Pecos Watershed Conservation Initiative 2020 Request for Proposals

Applicant Webinar [Register Here]: September 19, 2019

at 11:00am-12:30pm Eastern / 10:00-11:30am Central / 9:00-10:30am Mountain

Full Proposal Due Date: Thursday, October 17, 2019

by 11:59pm Eastern / 10:59pm Central / 9:59pm Mountain


The National Fish and Wildlife Foundation (NFWF) is announcing the third annual funding opportunity as part of the Pecos Watershed Conservation Initiative. NFWF will award grants to restore and sustain healthy rivers, streams and grassland systems that provide important wildlife habitat in the Pecos watershed and adjacent areas of New Mexico and Texas. Up to $2 million will be available. Major funding is provided by the U.S. Department of Agriculture’s Natural Resources Conservation Service in New Mexico and Texas and eight corporate partners: Anadarko Petroleum, Apache Corporation, Chevron, Marathon Oil, Noble Energy, Occidental Petroleum, Shell Oil Company and XTO Energy. 

In this Request for Proposals under the Pecos Watershed Conservation Initiative, NFWF is seeking to support conservation projects that align with the priorities described below.

Grants will be awarded in three categories: Habitat Restoration, Species Intervention, and Species Information. Program priorities include implementing habitat restoration strategies and increasing baseline species information for species of interest within specific aquatic and grassland focal areas.


The Initiative will award grants in southeastern New Mexico and west Texas within the focal areas. The aquatic focal geographies map (Figure 1) identifies several aquatic focal areas along tributaries of the Pecos River and the river main stem which will be given priority. The Pecos grasslands focal geographies map (Figure 2) identifies the region in which projects targeting pronghorn and migratory grassland birds will be given priority.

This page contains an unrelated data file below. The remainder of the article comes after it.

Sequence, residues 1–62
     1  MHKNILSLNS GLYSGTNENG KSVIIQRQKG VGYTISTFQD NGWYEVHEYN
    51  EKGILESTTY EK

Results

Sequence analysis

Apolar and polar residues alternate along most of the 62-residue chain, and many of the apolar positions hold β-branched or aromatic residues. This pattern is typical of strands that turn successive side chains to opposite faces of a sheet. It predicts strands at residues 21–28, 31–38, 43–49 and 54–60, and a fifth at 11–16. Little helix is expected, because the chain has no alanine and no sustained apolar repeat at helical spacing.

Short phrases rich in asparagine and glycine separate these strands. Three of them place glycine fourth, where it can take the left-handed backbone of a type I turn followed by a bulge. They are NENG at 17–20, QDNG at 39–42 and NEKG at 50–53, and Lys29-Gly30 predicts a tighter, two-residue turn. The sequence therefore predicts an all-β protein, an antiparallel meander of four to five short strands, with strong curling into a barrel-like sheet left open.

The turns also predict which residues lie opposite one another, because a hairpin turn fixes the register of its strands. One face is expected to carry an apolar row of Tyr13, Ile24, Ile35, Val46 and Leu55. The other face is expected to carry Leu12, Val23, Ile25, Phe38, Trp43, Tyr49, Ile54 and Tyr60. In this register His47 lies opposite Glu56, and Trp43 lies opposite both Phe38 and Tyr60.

Figure 1.jpg

Figure 1. Pecos Watershed Conservation Initiative Aquatic Focal Geographies

Figure 2.jpgFigure 2. Pecos Watersh​ed Conservation Initiative Grasslands Focal Geographies


All proposals must specifically address how projects will directly and measurably contribute to the accomplishment of one or more of the program priorities as identified in the Southwest Rivers Program Business Plan.

Habitat Restoration and Management Grants 

Grants will be awarded for projects that improve habitat for one or more of our target species:

  • ​Stream and Riparian Habitat: Create and enhance riparian habitat in focal geographies to benefit target aquatic species listed below. This work may include flexible management prescriptions for upland grazing and restoration of native vegetation. Projects that restore the integrity and complexity of riparian areas to provide important edge habitat and wildlife corridors, protect the quality of freshwater systems, and demonstrate the benefits of aquatic connectivity projects to human communities through improved infrastructure, such as improved stream-road crossings, are encouraged. Projects addressing water availability for riparian habitat will also be considered. Projects should include long-term maintenance strategies for restored areas including invasive species, water availability and grazing management.
  • Grassland Habitat Restoration and Management: Implement outcome based grassland restoration and grazing management projects that use a range of practices and prescriptions to create, sustain or improve large blocks of high quality Chihuahuan desert grasslands for the focal species listed below. Projects should address habitat quality, connectivity and management for grasslands that provide actual or potential habitat for pronghorn (including fence modification) and migratory grassland bird species. Projects that engage landowners with a range of property sizes and interests are strongly encouraged.
  • Outreach and Technical Assistance: Improve the management of public and/or private lands that contain habitat or potential habitat for focal species. Projects may execute innovative outreach and marketing strategies to engage target audiences, especially private agricultural landowners and land managers, in adopting practices that enhance habitat conditions. Projects should attempt to leverage NRCS funding and cost-share programs when possible. Technical assistance to facilitate design of habitat restoration and infrastructure projects are also supported.